Research suggests that the “I talk – You listen” instructional format is not effective, but it remains extremely popular.Admittedly, there’s no better way to control the content.We can say what we need to say without interruption. But from the student’s perspective, it’s the perfect format for disengagement and it is often hard to stay interested and attentive.
Teachers in the primary grades do a lot of lecturing too, sprinkled with a few questions that require one-word response.But the times, they are a-changin’.Teachers are continually looking for new tools for their instructional toolboxes.Cooperative learning, literature circles, jigsaws, think-pair-share are all examples of ways to students to become engaged with the content.Message boards, online forums, and other social networking media provide a place for teachers to share what works for them.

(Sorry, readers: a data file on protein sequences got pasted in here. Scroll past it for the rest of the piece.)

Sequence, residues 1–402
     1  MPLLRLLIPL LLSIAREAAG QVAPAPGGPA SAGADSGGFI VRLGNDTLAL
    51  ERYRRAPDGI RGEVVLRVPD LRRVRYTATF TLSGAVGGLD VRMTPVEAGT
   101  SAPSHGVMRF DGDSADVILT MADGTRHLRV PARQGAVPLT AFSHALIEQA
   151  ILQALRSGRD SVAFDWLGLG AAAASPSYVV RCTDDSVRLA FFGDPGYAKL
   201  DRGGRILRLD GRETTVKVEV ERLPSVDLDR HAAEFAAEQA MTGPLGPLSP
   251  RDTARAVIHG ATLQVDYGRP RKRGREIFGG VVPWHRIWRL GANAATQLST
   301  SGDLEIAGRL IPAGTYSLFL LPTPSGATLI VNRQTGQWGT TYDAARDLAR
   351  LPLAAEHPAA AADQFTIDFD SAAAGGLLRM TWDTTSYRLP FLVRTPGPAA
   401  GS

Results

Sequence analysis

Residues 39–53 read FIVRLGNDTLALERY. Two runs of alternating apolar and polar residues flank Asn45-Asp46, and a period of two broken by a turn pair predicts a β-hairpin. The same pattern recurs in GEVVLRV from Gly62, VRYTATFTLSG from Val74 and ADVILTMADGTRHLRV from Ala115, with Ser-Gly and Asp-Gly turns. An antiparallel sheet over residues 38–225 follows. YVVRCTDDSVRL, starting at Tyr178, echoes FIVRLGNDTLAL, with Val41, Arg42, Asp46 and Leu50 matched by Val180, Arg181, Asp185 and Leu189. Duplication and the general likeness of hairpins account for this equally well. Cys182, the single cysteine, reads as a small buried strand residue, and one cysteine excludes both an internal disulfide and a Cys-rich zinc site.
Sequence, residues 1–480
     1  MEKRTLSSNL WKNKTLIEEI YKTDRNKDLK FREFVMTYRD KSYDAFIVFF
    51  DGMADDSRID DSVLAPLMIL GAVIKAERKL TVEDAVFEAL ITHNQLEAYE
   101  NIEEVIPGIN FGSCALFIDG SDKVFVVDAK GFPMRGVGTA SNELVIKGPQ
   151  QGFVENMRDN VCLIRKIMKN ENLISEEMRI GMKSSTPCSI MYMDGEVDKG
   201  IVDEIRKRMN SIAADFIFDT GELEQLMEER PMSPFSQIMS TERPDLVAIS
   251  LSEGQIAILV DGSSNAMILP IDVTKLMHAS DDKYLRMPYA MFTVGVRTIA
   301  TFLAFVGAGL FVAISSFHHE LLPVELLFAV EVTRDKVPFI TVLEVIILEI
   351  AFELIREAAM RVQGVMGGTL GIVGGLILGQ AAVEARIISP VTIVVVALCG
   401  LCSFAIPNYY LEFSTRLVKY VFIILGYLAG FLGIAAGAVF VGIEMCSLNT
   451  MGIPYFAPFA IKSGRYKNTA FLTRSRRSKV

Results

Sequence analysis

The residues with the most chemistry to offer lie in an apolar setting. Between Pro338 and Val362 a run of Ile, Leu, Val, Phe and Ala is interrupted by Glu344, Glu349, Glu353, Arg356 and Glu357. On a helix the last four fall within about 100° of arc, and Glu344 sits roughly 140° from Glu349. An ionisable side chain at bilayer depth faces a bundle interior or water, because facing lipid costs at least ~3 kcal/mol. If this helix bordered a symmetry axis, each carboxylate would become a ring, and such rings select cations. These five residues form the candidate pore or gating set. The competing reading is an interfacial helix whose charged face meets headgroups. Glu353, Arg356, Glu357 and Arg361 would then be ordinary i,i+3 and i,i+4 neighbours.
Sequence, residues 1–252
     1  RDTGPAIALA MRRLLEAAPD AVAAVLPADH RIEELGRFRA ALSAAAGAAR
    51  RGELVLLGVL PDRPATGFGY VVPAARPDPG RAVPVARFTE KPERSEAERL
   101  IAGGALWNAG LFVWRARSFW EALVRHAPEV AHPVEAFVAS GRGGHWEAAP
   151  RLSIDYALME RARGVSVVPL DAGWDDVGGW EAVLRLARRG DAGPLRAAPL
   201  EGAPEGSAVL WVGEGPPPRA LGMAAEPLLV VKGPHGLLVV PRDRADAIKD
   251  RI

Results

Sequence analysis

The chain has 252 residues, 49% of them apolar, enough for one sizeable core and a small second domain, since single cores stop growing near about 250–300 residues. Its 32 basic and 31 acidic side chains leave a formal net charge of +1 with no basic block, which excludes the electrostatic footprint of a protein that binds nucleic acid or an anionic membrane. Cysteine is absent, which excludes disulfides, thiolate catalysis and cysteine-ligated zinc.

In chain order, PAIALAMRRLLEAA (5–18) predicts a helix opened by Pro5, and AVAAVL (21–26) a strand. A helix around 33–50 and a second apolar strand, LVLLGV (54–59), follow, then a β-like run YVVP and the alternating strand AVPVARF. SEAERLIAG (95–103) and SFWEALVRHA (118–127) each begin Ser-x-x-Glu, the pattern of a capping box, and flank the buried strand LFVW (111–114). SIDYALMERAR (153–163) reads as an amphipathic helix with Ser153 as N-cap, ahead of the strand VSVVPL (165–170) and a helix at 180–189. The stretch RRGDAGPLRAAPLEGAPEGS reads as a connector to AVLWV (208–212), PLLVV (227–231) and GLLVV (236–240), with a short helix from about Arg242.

In a structured online professional development community, educators can read the latest research, try out a new idea or two, and report back to their professional colleagues.Teachers learn to actively reflect upon their own pedagogy, something that most teachers have little time for.Within this sort of collaborative culture, where a shared culture, shared students, and a shared mission are all factors, we can come much closer to offer support to a teacher who says, “I’ve got this kid who….”
Take a look at how an online PLC can support the development of engaging, creative instructional strategies that address the unique learning needs of all students in inclusive environments.